1Q 2015 Market Commentary

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Market Commentary
By The Deighan Team

In the late 1960’s I used to race home from school to watch my favorite show, the serial Dark Shadows. While it was a far cry from classy Downton Abbey, I loved it. It was a cheesy drama filled with constant surprise and impossible leaps of faith in plot. The screen writers must have had a ball coming up with the story line. Today, as testimony to its shallowness, I cannot recall even the barest detail of the story line, but I do recall the excitement of wondering “What will happen next?” Sometimes as I report the quarterly goings on in the world markets, I wonder if clients and friends have the sense of watching a serial. While I know I can’t compete with Downton Abbey, certainly there are enough twists and turns in the quarterly market story to keep us engaged.

In the spirit of a true serial, here is a brief re-cap of the previous episode. In 2014, we experienced plenty of market ups and downs, but overall, we hailed a recovering US economy as evidenced by solid returns for US stocks. At the same time, we cast worried eyes across the pond at negative market returns and continued economic strife in Europe. Wringing our hands we wondered, “Would the Eurozone woes and worldwide lethargy spread and derail our recovery?” We hoped not. Perhaps as a measure of our strength, the US dollar soared against most other currencies in 2014, but it hit our statements hard driving the returns of most foreign securities further into negative territory. On the fixed income side, despite record low interest rates, and a strong indication from the Fed that rates would be heading up, the ten-year US Treasury note defied gravity and delivered strong results for the year. This was a curious result since rising interest rates will mathematically result in lower bond prices. Apparently, this did not matter to investors worldwide as they plowed their funds into what appeared to be the safest place possible: US government securities, driving up bond prices. Meanwhile, back at the ranch, New Englanders were cheering the falling oil prices while the US western oil boom was under serious pressure due to oil price drops. How would this affect our US growth prospects in 2015? Would consumers find more discretionary income in their pockets due to lower gas and home heating fuel prices and spread the wealth? Or would the inevitable layoffs that must follow the dip in US energy firm revenues take a greater toll on the economy?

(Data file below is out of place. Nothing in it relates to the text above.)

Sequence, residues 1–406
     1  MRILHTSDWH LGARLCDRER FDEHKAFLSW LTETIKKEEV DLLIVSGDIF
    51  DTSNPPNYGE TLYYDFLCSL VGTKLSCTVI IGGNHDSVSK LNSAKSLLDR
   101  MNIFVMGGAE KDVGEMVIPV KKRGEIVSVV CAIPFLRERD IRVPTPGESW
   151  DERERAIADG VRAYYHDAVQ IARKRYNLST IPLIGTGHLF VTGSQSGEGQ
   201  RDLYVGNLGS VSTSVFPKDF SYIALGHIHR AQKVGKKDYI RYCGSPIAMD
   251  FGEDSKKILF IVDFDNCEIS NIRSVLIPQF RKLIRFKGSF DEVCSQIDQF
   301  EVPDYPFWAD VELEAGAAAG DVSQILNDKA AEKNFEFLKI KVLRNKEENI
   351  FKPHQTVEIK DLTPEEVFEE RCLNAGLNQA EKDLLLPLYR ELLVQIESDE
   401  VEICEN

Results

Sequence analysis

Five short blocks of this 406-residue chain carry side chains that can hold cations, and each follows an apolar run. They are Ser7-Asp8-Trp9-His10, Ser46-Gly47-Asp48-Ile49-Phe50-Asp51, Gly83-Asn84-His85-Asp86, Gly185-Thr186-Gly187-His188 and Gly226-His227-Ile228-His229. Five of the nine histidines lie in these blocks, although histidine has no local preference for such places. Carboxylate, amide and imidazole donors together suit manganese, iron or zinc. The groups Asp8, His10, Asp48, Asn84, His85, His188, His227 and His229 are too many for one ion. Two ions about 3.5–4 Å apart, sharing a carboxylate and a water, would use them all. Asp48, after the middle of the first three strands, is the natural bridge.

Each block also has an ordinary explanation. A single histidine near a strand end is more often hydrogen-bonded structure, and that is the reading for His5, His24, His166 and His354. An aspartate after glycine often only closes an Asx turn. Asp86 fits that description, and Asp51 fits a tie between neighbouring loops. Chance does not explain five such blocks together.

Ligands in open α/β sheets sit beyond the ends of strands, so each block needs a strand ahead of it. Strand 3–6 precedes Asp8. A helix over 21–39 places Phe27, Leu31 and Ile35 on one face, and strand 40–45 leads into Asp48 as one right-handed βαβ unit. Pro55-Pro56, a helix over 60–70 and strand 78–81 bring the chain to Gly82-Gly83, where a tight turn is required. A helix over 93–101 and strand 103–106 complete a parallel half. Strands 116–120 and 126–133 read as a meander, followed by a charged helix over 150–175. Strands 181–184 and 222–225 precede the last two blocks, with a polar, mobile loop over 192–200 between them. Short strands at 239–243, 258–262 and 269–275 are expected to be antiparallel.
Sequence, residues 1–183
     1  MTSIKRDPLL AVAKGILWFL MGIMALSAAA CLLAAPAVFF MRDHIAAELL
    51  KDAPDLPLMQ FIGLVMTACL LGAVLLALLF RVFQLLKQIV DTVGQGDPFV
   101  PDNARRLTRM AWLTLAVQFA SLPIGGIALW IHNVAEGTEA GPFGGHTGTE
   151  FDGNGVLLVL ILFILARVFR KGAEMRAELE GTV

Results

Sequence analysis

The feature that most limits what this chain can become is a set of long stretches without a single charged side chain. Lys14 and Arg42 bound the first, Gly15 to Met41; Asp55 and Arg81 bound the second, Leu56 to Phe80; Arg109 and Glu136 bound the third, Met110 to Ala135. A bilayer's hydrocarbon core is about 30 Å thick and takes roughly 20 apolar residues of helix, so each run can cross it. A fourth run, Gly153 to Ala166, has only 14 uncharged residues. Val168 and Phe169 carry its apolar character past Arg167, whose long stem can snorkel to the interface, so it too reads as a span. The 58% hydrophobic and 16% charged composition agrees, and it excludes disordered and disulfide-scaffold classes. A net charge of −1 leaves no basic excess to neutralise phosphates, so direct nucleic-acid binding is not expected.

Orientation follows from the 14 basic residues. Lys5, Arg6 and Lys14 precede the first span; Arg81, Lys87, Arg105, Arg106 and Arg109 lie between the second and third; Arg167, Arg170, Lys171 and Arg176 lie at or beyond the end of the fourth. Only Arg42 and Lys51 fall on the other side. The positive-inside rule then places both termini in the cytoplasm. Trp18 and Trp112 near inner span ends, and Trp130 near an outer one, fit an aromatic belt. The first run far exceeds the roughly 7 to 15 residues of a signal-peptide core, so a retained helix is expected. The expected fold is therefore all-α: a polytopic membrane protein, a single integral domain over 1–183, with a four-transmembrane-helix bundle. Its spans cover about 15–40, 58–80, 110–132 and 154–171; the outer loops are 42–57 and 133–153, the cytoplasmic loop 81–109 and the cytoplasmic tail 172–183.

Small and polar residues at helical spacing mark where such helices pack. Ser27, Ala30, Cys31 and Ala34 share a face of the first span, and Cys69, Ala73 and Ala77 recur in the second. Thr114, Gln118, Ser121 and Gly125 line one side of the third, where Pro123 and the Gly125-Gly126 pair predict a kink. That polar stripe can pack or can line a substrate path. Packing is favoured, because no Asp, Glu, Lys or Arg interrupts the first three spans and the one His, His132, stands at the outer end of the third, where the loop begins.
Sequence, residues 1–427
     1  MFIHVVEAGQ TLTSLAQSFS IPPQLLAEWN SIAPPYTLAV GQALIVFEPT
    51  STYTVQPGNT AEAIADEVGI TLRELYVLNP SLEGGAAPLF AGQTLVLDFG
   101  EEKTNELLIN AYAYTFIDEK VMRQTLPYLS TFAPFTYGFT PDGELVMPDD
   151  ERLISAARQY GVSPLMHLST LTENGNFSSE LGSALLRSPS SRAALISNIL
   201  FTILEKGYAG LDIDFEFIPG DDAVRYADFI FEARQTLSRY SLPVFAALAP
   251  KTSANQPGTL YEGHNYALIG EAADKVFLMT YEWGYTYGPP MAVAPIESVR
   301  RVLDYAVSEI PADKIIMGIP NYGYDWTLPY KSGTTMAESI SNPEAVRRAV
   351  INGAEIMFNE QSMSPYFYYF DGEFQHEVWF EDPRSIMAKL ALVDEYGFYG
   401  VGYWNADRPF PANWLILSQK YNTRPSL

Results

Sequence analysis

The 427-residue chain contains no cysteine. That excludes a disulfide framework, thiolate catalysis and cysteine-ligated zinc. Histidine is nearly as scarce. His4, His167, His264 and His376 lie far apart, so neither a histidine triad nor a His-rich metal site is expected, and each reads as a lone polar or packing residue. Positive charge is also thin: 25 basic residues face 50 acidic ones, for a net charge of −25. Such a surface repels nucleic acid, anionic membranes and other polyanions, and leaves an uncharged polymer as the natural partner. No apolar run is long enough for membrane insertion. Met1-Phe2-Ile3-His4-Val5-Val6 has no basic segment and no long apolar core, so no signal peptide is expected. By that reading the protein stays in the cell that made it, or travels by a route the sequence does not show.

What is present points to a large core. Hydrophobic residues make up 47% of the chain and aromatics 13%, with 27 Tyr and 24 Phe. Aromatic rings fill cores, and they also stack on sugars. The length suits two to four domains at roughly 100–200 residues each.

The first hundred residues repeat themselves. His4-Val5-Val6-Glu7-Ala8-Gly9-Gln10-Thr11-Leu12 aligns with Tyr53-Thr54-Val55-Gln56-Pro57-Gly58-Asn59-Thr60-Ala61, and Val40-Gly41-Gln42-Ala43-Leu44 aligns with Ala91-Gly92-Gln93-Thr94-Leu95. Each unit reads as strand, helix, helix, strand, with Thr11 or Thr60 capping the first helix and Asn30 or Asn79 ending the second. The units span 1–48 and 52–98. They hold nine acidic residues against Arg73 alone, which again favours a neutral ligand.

Let’s fast forward to March 31, 2015! First, stock market volatility continued to provide alternate groans and gasps throughout most of the first quarter giving way to new trends for 2015. The chart below is a continuation of the chart shown in the 2014 year-end Market Commentary with a column added showing investment results for the first three months of 2015. Note the strong first quarter showing of Mid-cap and Small-cap US equities versus the larger US companies, many of which are large multinationals that have business holdings worldwide. Perhaps the balance sheets of those multinationals were negatively impacted by the strong US dollar. Further, note the strong comeback demonstrated by international stock indices. Remember, the first quarter 2015 results cover only a three month period compared to an entire year’s result. Furthermore, since these results are converted to dollars instead of reported in local currency, the international index results are stronger than they appear. The point is, markets move quickly and yesterday’s underdog can become tomorrow’s star, hence asset class diversification remains key.

Asset Class Representative Index 2014 Return 1Q15 Return
US Large Cap Equity S&P 500 Index 13.69% 0.95%
US Small and Mid-cap Equity Wilshire 4500 Completion 7.94% 5.28%